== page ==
Poll: Many Ohio residents support legalizing marijuana for medicine, recreation

by MARC KOVAC | CAPITAL BUREAU CHIEF Published:

Columbus -- A majority of Ohioans questioned as part of a new poll said they support legalizing marijuana use for medicinal or recreational purposes.

Of the 1,370 registered voters surveyed earlier this month by the Quinnipiac University Polling Institute, 87 percent said they support medical marijuana, while 51 percent said adults should be allowed to posses small amounts of the drug for personal use.

Though 55 percent of voters said they had never tried marijuana, 51 percent said they did not think it leads to the use of other drugs, and 76 percent said they would feel either "somewhat" or "very" uncomfortable riding in a car driven by someone who had smoked or consumed a moderate amount of marijuana.

Forty-five percent of Ohioans said Colorado's legalization of recreational marijuana was bad for that state's image, versus 37 percent who said the opposite.

"Ohioans' views of marijuana are complicated," Peter Brown, assistant director of the polling institute, said in a released statement. "Twice as many voters think alcohol is more dangerous than marijuana, and about half the state's voters think the two are equally harmful. Ohioans narrowly favor legalizing pot for personal use, with women opposed while men support the idea. Almost nine in 10 in both genders think marijuana should be legal for medical uses. No one should be surprised that support for legalization is strongest among younger voters."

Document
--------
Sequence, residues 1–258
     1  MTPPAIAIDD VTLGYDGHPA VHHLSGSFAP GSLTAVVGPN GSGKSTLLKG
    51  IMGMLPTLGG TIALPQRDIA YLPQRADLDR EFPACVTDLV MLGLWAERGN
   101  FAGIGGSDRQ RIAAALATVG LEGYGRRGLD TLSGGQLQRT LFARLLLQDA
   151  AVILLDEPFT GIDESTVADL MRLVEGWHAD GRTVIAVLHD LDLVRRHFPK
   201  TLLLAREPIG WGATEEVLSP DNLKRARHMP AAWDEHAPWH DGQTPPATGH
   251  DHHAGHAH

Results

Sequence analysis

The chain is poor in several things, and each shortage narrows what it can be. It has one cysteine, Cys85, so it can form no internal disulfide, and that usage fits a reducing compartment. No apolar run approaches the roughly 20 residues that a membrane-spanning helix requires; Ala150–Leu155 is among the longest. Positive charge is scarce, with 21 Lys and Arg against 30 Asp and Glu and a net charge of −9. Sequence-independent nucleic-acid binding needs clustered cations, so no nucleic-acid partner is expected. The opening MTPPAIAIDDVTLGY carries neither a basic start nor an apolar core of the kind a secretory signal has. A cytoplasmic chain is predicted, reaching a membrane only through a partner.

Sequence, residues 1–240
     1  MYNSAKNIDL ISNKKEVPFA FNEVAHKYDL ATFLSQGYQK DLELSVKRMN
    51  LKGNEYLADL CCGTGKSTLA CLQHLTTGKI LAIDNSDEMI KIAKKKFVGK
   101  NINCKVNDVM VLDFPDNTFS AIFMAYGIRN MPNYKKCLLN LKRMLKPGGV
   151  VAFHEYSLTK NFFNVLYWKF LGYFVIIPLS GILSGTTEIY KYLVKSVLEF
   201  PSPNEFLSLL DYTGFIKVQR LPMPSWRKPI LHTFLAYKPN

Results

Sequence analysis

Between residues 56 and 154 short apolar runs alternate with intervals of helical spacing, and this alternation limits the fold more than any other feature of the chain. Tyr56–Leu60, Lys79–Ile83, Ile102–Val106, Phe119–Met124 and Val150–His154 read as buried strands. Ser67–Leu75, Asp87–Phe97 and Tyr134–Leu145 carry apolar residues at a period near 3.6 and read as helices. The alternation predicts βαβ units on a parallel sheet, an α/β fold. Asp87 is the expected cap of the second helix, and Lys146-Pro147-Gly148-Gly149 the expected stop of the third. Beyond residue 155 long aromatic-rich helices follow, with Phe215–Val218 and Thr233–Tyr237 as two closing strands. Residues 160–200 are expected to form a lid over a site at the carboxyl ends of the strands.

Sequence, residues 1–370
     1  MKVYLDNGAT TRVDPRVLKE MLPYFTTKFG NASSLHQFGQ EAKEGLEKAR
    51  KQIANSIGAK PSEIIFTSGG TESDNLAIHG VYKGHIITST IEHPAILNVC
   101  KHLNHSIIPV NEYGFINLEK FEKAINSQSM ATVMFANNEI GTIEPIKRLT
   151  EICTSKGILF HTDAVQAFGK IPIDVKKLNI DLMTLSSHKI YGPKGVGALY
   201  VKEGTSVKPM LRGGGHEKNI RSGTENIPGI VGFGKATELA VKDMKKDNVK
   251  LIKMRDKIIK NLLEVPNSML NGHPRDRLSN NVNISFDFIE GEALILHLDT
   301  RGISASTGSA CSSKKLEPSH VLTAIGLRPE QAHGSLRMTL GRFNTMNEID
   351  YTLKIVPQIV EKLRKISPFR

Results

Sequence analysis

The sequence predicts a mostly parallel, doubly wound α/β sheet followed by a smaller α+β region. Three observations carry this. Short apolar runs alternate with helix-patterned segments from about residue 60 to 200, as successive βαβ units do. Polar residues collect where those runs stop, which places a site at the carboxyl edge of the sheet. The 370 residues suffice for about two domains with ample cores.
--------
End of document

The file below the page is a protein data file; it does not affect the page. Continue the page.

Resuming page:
Connecticut-based Quinnipiac regularly gauges Ohioan's views of candidates and issues. Its most recent survey has a margin of error of about 3 percentage points.

Among other results, 50 percent of those questioned said they support same-sex marriage, versus 44 percent who did not. Younger respondents (those age 18-29) were more supportive (71 percent) than voters older than 65 (59 percent opposed).

On the issue of abortion, 34 percent of voters said the procedure should be legal in most cases, with another 19 percent saying it should be legal in all cases.

Twenty-seven percent said it should be illegal in most cases, and 14 percent said it should be illegal in all cases.

Marc Kovac is the Dix Capital Bureau Chief. Email him at mkovac@dixcom.com or on Twitter at OhioCapitalBlog.

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